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When Miguel Iglesias, director of Danza Contemporánea de Cuba, was still in grammar school, he told his dad he wanted to be a dancer. Without saying a word, his father began to guide his son towards sports, especially swimming. Miguel became pretty good at it and eventually graduated from the Higher Institute of Sports and Physical Education. But his wish of becoming a dancer had never died. He danced whenever and wherever he could at social centers, comparsas during the carnivals, anywhere.
In 1967, encouraged by a friend who was dancing with the Cuban Television Ballet, he did an audition and passed the test. Two years later, in 1969, he traveled to Camagüey to work with the newly-created ballet. He studied there under Russian dancer Azari Plizetski (Alicia Alonso’s partner for many years) and Loipa Araújo (one of the jewels of the Ballet Nacional de Cuba) and attended every course and workshop he could get hold of.
One day, he attended Medea y los negreros, by Ramiro Guerra’s Conjunto Nacional de Danza, and in his own words, it was like “a slap in the face” that woke him up to what he wanted to do with dance. He resolved to join the company and left for Havana. He didn’t achieve his dream right away in the meantime he even studied Spanish Literature at the University of Havana. In 1975, in spite of a sprained ankle, he did an audition and became the newest member of Conjunto Nacional de Danza.
According to Miguel, he is a man of action, not an intellectual who dances. He has never left any opportunity go by–he premiered both Marianela Boán’s and Rosario Cárdenas’ first choreographies; he has danced and acted. He has been in the right place at the right time.
He was offered the direction of the company twice, in 1981, when he said no, and in 1984. He was 37 and still physically fit to continue dancing, but accepted because there many things that he thought were not right with the company. After Ramiro Guerra, the company’s founder, there had been 14 successive directors, and some who knew nothing about dancing. Miguel describes it like a child who has had 14 stepfathers with everything that this implies. His goal became to unify the company and managed not only this but made his company the “mother” of many other modern dance companies in Cuba, like DanzAbierta or Danza Combinatoria.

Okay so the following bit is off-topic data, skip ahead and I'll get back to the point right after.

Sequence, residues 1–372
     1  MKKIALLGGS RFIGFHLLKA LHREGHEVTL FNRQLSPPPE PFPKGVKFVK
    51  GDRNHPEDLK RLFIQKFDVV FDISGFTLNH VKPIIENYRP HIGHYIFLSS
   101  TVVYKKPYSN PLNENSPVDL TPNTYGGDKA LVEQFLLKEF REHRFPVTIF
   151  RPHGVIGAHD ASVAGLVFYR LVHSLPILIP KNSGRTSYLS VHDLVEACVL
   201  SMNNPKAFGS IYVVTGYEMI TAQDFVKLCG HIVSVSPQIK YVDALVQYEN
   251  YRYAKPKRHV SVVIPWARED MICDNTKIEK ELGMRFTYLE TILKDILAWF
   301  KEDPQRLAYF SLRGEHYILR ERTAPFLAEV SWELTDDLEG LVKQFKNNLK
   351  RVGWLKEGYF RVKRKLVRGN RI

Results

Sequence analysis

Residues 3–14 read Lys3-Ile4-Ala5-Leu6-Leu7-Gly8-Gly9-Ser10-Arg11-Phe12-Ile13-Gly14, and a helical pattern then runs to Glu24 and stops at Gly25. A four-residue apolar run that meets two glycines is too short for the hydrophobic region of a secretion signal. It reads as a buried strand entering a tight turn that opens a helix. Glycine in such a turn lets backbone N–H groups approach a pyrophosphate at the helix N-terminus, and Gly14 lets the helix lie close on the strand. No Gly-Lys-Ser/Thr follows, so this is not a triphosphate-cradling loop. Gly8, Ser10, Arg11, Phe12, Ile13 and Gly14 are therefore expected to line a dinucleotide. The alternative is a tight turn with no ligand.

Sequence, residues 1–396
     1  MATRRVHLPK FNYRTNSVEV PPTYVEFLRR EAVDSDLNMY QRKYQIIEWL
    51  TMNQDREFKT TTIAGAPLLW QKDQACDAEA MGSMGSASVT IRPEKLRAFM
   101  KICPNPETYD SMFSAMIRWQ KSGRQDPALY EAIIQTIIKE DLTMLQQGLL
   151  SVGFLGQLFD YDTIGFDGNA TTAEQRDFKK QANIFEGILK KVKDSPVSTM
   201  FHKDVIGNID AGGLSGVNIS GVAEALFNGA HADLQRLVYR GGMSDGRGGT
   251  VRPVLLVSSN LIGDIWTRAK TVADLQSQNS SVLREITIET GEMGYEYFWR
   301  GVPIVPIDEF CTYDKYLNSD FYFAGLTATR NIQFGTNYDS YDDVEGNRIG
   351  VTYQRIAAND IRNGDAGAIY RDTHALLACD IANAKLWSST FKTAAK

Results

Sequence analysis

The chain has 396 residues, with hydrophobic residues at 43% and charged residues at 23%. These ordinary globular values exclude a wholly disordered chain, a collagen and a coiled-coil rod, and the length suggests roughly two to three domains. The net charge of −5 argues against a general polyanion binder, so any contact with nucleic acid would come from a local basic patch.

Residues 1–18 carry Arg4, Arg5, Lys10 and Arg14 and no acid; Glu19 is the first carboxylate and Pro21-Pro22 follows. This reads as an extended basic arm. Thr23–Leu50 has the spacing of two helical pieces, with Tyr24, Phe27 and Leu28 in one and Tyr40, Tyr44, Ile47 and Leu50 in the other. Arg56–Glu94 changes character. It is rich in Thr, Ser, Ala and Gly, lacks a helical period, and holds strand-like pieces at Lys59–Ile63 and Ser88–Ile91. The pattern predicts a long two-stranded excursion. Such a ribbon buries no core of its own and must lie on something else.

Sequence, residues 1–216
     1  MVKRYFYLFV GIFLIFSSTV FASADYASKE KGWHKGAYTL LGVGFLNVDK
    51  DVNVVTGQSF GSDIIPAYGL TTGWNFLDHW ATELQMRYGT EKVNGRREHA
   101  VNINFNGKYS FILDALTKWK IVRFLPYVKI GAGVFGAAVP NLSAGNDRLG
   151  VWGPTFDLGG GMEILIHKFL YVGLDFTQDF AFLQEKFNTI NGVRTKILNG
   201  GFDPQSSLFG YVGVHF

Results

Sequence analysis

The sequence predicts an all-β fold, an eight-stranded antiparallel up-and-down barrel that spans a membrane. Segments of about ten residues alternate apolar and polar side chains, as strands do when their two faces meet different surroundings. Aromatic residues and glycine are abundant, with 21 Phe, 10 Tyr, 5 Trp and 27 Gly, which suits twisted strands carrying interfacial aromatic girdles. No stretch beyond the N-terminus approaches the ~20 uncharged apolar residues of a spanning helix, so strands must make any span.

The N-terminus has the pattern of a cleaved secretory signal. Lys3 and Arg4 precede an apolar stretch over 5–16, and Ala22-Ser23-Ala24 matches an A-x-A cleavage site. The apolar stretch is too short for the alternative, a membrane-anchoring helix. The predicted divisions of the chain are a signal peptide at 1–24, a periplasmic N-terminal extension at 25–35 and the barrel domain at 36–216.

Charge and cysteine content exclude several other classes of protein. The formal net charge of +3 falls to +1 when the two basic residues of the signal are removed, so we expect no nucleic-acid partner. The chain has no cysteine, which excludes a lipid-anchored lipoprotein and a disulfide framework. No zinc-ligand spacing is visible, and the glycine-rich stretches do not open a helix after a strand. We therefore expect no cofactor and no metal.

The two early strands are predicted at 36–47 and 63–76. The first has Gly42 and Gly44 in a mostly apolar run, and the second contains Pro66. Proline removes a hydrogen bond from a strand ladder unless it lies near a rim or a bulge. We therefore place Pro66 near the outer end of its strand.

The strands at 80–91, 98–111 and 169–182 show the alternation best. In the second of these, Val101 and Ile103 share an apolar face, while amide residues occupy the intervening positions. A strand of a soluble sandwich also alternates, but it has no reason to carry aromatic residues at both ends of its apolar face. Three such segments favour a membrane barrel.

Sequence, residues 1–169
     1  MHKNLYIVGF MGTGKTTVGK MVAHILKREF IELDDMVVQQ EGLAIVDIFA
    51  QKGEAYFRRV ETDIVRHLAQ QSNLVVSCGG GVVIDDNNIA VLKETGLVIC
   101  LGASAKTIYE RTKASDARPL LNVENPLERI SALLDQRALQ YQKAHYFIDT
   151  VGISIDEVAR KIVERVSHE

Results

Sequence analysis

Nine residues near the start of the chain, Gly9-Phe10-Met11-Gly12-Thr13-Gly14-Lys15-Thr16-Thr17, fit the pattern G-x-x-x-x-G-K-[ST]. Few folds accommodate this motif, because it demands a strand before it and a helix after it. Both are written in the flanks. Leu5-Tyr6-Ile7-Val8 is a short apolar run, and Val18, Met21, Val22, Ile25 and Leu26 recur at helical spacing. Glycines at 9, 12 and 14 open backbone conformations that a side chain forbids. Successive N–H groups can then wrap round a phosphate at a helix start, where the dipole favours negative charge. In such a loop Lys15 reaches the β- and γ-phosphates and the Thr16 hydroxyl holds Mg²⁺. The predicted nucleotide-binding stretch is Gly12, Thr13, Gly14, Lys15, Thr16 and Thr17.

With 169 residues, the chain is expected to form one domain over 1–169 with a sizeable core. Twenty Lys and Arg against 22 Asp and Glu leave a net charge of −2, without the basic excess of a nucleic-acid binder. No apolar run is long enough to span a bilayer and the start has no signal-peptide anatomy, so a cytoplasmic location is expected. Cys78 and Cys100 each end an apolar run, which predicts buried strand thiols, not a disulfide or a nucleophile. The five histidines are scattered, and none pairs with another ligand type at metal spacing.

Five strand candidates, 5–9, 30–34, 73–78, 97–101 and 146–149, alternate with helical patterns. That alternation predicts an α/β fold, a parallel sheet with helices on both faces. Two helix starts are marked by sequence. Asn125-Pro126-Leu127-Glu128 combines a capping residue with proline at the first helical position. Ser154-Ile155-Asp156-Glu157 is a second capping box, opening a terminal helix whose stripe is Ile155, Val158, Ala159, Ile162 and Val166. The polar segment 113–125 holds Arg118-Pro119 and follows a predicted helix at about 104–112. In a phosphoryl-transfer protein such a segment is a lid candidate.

As Danza Contemporánea’s director, he feels the need to share an artistic affinity with the people who work by his side, to listen to their opinions in the most professional manner and believe in their honesty. Their love for dance unites them in their enterprise.
Thirty-one years later, Miguel Iglesias’ Danza Contemporánea de Cuba is one of the most universal companies in the dance scene in the world and has proven its ability to adapt and interpret varied styles. Iglesias has preserved the innovative spirit of its founders and is faithful to the original premises, which has allowed him to be open to the latest trends in dance in the world.
“To talk about cubanía today,” Miguel Iglesias confides, “is much more complex than years ago. Young people have other forms of expression and that does not make them less Cuban than our traditions. I think as a Cuban because I’m a Cuban, but I am also a citizen of the world and do not feel the need to show folkloric scenes to reaffirm the Cuban character.”
Danza Contemporánea de Cuba
Founded in 1959 by celebrated choreographer and teacher Ramiro Guerra who introduced modern dance in Cuba, this company would become the backbone of Cuban contemporary
dance with Lorna Burdsall, Santiago Alfonso, Irma Obermayer and Eduardo Rivero as founding members, just to mention a few. It has premiered over 250 works with the premise of integrating modern theatre to current dance styles, African and Spanish roots and the rich popular Cuban cultural heritage. Most of its members, who are graduates of the National School of Arts, are characterized by their technique and ductility. The company has toured extensively the Americas, Europe and Africa and has performed at the most important international dance festivals with works by famous choreographers, such as Doris Humphrey, classical Cuban pieces including Suite Yoruba by Ramiro Guerra, or Michelangelo by Víctor Cuellar, and newer works also by Cuban choreographers. In recent years, the company, which is now directed by former dancer Miguel Iglesias, has worked in collaboration with international choreographers Jan Linkens, Luca Bruni and Kenneth Kwamström, among others, although it has continued its experimental trend with works by Cuban dancers and musicians, such as Jorge Abril’s solo Cara o cruz, with music by Leo Brouwer and Guido López Gavilán.